by Danielle Robles
I didn't even know it was there. I mean, I knew, I had heard of it, but I had no idea what it meant. As I took the tram across the river, I thought, "things are about to get very interesting." They didn't. That's not to say that Roosevelt Island isn't a lovely place. It is! But coming from Manhattan it felt like thousands of miles away. Bustling streets were replaced with sprawling patches of grass and the people walked s l o w l y. Signs for fall festivals adorned the lamp posts and Starbucks seemed like the poppin place to be. I get it. If you want to live near the city, but not necessarily wake up to the smell of fresh urine or people yelling outside every morning, move to Roosevelt Island. It's suburban life tied up in a bland little bow. But if you're like any of the millions of people that live for subway performances and late night dollar slices, this little island just isn't going to cut it.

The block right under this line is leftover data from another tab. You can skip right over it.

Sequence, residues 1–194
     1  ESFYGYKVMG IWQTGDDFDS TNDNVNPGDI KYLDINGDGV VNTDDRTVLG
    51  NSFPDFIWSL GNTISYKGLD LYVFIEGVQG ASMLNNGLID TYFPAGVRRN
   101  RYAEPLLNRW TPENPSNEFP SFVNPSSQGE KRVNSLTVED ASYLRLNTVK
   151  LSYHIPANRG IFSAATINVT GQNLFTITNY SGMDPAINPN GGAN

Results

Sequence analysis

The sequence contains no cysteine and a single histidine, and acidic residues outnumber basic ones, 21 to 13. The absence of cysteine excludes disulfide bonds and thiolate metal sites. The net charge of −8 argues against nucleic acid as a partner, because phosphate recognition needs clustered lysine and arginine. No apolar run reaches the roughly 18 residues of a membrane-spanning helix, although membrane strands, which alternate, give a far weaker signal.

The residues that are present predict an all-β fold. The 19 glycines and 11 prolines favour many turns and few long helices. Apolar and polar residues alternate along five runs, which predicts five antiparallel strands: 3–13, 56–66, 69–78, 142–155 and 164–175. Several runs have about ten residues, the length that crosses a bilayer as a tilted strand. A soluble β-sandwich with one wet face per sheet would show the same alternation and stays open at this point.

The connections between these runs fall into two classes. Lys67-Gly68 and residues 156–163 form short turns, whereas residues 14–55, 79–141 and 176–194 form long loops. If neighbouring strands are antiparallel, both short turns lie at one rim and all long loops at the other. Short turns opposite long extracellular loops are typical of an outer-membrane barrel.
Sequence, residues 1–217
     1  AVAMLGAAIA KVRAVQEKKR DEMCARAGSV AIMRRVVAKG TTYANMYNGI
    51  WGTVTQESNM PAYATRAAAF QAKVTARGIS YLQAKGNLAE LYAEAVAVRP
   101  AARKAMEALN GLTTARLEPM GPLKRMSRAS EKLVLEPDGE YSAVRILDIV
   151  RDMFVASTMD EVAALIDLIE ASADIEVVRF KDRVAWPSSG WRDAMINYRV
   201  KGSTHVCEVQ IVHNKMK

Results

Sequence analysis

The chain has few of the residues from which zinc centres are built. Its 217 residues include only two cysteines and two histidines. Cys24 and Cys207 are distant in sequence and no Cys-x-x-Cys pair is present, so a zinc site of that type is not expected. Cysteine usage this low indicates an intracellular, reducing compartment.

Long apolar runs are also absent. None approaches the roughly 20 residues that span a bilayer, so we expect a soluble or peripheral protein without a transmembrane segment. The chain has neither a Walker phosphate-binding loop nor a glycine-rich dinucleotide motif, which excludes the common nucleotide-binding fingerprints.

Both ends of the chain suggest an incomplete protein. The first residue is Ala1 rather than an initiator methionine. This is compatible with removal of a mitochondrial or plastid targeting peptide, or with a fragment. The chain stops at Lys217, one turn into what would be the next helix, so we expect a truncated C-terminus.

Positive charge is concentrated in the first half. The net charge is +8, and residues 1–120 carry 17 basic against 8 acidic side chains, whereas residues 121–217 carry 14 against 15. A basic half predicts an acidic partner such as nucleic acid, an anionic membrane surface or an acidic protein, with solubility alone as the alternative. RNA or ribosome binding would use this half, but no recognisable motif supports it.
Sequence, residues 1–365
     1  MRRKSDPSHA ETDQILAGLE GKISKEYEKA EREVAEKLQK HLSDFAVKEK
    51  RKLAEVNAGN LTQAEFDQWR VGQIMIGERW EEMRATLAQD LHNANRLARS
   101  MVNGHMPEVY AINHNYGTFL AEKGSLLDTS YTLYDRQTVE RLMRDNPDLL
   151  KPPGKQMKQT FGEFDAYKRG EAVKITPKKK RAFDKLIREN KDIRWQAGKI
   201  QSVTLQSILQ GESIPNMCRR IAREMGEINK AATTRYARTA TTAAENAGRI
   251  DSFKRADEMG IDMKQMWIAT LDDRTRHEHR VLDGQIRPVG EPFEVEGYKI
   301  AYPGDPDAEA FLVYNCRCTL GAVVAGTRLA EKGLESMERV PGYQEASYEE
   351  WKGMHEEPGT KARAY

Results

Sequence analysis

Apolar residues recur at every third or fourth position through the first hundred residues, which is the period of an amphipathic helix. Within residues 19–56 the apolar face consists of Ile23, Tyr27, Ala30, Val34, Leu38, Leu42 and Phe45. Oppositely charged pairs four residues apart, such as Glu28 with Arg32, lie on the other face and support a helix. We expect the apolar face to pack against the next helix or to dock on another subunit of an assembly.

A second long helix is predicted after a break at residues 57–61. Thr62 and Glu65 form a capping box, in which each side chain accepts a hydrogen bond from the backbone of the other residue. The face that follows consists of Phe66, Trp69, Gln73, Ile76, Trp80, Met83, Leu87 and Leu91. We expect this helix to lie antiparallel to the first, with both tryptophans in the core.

My taste of the island may have been uneventful, but its history is pretty damn fascinating. From the looks of it, one would never know that this sleepy residential community was once was the location for prisons, poor houses, and hospitals?! Apparently at the southern tip of the island lies the site of Franklin D. Roosevelt Four Freedoms Park, Renwick Ruin, what’s left of an 1854 smallpox hospital (spooky!), and Strecker Laboratory. The Octagon Tower was once part of a lunatic asylum chronicled by Nellie Bly in her expose, “Ten Days in a Madhouse.” According to the novelist, the asylum was referred to as a “human rat-trap” boasting staff that often “choked, beat and harassed patients.” The asylum moved to Ward’s Island shortly after but the original octagon still stands as a classy apartment complex near a beautiful community garden. You can bet your bottom dollar that shit is totally haunted.
I must sheepishly admit that I never made it that far south on the island, as I was with a group and time had run out, so perhaps my take might have been different. What I observed was a quiet village, that felt more like Michigan than Manhattan, where everybody knows your name. A few things I know for sure: 1) Roosevelt Island is a quaint place filled with bicycles, snoozy condos, and chain restaurants (is that true, or did I just totally make that up?), and 2) when I go back I fully intend on investigating the old grounds because we know FOR SURE ridic ghost stories await.